When Apple Watch was released in 2015, it quickly became the best-selling wearable device on the market. However sales began to soften in the months that followed. As a way of regaining its momentum, Apple began focusing on the smartwatch’s health-related features with offerings such as Apple Watch Nike+ and an Apple Wellness employee purchase program.
Making a good thing better
The Apple Wellness employee purchase program was a year-long pilot initiative, where partner companies offered their employees a subsidised Apple Watch through a company wellness program.
To make it even more enticing and easier for employees to purchase an Apple Watch, Apple partnered with Purchasing Power to integrate their proprietary payroll deduction system to allow participant employees the option to pay for their Apple Watch through direct payroll deduction over the span of several months.
For the proof of concept for this project, the site would be created by Purchasing Power. And as the sole internal UX resource, it was my job to ensure that what was delivered was not only up to Apple’s standards, but also met the expectations of their users.
Due to an aggressive timeline and a limited budget, there was unfortunately no opportunity for project-specific user research. This led us to rely heavily on the precedence of Apple’s existing user experience and the groundwork done by both Apple and Ideo.
The Checkout Funnel
From a UX perspective, the single biggest opportunity was the checkout flow. The existing Purchasing Power checkout user experience has always been a… challenge. Between long-standing policies and executive apprehension, any attempts to make significant change to the checkout funnel were always met with Sisyphean results. This, in spite of considerable research and user feedback.
With the Apple Wellness project, I could approach checkout with a clean slate – applying my previous findings to offer users a much cleaner and easier experience. And prove-out some new concepts that might become a part of the core offering in the future.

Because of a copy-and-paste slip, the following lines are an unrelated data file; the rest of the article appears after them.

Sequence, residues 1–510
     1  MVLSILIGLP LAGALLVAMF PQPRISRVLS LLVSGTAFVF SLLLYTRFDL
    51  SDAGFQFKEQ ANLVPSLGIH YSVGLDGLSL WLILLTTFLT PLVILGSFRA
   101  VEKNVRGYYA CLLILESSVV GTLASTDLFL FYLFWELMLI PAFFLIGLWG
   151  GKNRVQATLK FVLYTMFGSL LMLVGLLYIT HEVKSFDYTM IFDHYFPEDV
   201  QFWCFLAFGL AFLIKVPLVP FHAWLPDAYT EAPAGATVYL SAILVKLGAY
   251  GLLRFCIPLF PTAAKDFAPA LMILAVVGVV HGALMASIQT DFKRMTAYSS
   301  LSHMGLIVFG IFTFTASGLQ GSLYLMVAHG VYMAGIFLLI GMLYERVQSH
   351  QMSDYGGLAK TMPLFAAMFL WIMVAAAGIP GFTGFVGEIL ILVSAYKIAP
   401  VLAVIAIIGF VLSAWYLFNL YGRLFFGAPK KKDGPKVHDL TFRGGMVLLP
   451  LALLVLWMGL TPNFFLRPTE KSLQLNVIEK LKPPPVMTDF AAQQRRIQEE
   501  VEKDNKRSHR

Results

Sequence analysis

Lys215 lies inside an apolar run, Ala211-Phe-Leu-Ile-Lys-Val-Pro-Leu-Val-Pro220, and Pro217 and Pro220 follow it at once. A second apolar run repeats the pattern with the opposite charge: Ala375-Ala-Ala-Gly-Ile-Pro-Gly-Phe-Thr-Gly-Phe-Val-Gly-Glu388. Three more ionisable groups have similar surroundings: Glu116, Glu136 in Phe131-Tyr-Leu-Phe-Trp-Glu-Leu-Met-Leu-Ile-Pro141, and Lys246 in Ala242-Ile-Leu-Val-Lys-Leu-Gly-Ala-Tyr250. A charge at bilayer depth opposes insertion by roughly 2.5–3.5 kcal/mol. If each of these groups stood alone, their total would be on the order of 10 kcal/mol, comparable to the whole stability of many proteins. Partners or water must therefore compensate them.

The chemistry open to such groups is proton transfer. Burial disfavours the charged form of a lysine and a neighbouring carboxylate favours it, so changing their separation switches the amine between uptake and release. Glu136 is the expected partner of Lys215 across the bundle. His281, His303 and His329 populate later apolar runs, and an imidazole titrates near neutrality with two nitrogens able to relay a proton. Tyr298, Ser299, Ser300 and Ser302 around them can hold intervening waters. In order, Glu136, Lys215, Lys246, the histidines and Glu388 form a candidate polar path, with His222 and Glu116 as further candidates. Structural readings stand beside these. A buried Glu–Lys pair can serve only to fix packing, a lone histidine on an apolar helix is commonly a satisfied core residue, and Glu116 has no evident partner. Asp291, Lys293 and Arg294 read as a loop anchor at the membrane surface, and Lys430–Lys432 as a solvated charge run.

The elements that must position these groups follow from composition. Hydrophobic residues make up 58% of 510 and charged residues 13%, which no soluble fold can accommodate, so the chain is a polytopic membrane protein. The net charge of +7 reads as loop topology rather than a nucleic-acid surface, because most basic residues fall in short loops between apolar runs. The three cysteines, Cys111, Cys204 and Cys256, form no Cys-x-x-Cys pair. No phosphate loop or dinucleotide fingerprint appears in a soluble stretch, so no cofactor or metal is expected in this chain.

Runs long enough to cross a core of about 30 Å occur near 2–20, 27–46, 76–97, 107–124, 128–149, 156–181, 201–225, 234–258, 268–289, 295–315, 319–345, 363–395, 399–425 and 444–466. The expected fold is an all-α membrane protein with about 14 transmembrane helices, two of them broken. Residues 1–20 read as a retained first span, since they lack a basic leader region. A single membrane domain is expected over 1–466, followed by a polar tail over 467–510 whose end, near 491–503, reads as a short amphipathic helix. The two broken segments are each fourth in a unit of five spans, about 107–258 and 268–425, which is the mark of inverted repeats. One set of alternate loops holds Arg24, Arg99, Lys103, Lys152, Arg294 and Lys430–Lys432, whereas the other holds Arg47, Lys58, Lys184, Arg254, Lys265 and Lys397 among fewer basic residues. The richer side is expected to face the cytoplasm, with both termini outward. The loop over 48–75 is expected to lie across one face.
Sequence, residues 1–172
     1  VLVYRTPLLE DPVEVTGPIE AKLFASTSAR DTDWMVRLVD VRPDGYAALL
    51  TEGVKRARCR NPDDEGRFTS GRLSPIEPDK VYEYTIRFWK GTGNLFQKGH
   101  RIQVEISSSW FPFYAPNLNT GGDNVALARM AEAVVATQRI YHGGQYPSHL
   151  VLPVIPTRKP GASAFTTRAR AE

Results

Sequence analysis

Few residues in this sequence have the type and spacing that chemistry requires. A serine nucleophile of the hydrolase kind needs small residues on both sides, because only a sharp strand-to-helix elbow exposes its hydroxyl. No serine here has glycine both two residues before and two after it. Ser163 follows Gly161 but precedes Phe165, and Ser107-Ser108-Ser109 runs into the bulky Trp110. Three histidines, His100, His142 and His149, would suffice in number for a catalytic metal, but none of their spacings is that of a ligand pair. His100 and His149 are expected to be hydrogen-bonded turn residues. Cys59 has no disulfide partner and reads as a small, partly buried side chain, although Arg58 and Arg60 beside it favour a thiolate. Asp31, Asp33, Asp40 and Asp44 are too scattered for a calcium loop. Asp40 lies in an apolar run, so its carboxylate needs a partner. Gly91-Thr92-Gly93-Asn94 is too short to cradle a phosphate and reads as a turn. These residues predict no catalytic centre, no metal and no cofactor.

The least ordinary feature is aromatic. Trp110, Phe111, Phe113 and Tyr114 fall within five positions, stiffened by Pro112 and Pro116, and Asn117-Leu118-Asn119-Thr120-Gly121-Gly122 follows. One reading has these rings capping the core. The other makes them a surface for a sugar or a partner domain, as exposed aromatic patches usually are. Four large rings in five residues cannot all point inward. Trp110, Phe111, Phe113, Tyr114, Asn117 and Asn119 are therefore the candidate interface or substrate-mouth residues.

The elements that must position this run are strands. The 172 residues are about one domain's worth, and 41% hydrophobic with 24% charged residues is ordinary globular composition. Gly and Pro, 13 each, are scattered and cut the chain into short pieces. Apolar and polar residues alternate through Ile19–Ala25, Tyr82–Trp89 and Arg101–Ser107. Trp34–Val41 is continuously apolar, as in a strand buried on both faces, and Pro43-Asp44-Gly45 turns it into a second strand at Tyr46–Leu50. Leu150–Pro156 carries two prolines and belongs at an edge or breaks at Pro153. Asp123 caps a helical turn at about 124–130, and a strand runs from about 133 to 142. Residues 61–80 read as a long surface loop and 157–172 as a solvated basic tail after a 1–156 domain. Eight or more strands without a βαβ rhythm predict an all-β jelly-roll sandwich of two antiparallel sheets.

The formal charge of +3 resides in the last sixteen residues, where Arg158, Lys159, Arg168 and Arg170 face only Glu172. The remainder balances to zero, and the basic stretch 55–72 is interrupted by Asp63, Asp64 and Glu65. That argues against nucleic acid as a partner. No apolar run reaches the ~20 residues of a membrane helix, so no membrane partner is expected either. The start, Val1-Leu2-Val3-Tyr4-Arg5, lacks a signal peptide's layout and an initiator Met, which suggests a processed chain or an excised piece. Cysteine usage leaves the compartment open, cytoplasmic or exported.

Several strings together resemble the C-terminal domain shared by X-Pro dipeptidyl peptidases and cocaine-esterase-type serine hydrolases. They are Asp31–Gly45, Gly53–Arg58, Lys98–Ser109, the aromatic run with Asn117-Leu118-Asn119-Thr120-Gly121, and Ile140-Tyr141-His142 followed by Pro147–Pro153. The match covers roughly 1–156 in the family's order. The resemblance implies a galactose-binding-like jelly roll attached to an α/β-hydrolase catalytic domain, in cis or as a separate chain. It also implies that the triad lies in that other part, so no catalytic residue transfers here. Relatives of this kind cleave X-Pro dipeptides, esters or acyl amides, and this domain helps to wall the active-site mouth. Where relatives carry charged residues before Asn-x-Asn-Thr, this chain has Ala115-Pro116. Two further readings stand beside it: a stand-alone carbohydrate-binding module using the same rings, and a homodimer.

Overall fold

Because of the aforementioned limitations, the website would largely distill the existing Apple online user experience, with a new focus on wellness, and provide a streamlined checkout flow that included the option for payroll deduction.
Given a prescribed overall experience, content and information architecture became my primary focus. Since its release, there have been an ever-growing number of wellness-related features and apps for the Apple Watch. Highlighting these would be simple enough. More challenging was introducing the wellness program – and moreover a new purchase option to an audience to which we had little to no exposure.
As a way of testing the effectiveness of the payroll deduction feature, some versions of the site were launched with both payroll deduction and credit card payment options, while others offered credit cards as the only option for purchase.
Following this initial proof of concept, the project was expanded to integrate with another Apple partner’s existing e-commerce platform.
Once the program went live, it quickly proved its worth; showing an immediate increase in sales.
The sites that offered payroll deduction showed more than a 400% greater penetration than those accepting only credit cards – with users choosing payroll deduction over credit card more than 80% of the time.
The checkout flow also showed to be an improvement over the legacy checkout experience, with analytics exhibiting a lower abandonment and higher conversion rate. As a result, the core Purchasing Power checkout UI began to integrate features from this newer design.